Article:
Oil exports from Venezuela declined sharply after the imposing of US sanctions against the state owned oil producing company Petroleo de Venezuela SA (PDVSA). The impact of sanctions on the global oil market may be stronger than many experts expected, The Wall Street Journal writes.
President Nicolas Maduro cannot manage to find buyers for oil, and Venezuelan oil storages are uploading step-by-step. In addition, several dozen uploaded oil tankers are standing in waters near Maracaibo, the oil capital of Venezuela, as satellite imagery show.
According to sources, authorities have postponed sending at least one tanker to the United States last week for fear that the payment for this cargo will be on the accounts controlled by the self-proclaimed Venezuelan President Juan Guido.
Oil production in the country declines due to problems with employees who massively resign because of salary delays and hyperinflation, the lack of imported petroleum products with which Venezuela weaken its oil, WSJ sources say.
Some sources close to PDVSA note that production in Venezuela was declined by less than 1 million barrels per day. If this data is correct, the production in the country has fallen by 10% since December and more than doubled over the past year and a half. Meantime, Wood Mackenzie analysts estimate oil production in Venezuela at 1.1 million b/d in January.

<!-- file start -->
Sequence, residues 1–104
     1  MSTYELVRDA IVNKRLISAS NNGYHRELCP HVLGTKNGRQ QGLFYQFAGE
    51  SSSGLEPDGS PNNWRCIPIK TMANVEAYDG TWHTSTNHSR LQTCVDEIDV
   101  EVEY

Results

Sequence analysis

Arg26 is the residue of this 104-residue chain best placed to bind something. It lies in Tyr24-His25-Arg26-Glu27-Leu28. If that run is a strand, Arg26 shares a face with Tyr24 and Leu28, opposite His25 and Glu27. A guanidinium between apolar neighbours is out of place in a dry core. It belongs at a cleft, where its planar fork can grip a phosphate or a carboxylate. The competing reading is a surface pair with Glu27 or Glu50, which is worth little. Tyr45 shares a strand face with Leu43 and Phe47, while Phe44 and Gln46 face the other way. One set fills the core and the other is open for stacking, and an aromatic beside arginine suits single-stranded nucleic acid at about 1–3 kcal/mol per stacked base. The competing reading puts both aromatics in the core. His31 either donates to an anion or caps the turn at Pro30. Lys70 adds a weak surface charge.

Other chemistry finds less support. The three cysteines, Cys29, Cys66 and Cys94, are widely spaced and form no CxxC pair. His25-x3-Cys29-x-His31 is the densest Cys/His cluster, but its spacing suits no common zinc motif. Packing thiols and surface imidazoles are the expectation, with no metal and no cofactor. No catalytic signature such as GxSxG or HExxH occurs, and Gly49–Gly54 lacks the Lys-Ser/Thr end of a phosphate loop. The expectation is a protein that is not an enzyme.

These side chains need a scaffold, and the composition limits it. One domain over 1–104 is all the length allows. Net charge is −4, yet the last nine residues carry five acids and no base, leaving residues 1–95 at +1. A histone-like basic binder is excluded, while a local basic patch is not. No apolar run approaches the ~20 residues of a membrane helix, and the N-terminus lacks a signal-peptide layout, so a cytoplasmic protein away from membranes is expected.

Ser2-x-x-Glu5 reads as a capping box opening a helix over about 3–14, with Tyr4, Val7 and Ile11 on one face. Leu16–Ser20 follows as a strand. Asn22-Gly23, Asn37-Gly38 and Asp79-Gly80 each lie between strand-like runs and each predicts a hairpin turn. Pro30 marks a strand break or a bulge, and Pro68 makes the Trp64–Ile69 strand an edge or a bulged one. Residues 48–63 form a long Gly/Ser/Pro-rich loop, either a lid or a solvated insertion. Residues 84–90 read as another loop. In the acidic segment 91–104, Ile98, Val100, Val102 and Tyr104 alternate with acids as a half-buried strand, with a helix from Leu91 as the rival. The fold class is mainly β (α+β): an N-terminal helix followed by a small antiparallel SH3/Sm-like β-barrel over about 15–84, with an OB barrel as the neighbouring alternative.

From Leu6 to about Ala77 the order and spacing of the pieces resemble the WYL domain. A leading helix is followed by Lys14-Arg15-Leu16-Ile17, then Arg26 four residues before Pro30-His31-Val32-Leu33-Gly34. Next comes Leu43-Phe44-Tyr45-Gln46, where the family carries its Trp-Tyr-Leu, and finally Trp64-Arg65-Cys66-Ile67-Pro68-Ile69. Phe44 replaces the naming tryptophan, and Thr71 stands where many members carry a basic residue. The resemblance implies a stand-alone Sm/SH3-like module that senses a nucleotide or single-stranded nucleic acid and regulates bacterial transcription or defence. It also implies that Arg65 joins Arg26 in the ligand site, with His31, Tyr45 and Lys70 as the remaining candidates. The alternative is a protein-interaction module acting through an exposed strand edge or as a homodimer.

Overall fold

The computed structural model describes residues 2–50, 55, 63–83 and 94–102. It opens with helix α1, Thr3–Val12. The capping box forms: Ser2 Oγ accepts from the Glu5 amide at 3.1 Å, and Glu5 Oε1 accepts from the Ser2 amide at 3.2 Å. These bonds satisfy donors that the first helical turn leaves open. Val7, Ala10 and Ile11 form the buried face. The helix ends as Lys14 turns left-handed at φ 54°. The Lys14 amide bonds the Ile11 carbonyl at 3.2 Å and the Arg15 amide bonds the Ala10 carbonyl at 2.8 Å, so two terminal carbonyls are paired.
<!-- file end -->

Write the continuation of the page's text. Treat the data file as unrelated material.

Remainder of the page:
US sanctions against the PDVSA company provide for the freezing of the company's assets worth $7 billion. Furthermore, it is expected that PDVSA will receive less than $11 billion per year as a result of oil exports lost.
Later, the US Department of Treasury got it straight that the sanctions would be lifted in when there will be the democratic change of leadership will in Venezuela to the transfer of control to “interim president Juan Guido or another democratically elected government”.
On Friday, the Foreign Assets Control Office (OFAC) issued an adjustment of the Venezuelan sanctions, which contemplates that citizens and US companies have the right to buy oil and oil products from PDVSA or legal entities by 50% or more controlled by PDVSA until April 28. However, the funds for the supply will be allocated to the escrow in the United States, which will be beyond the control of the current authorities.
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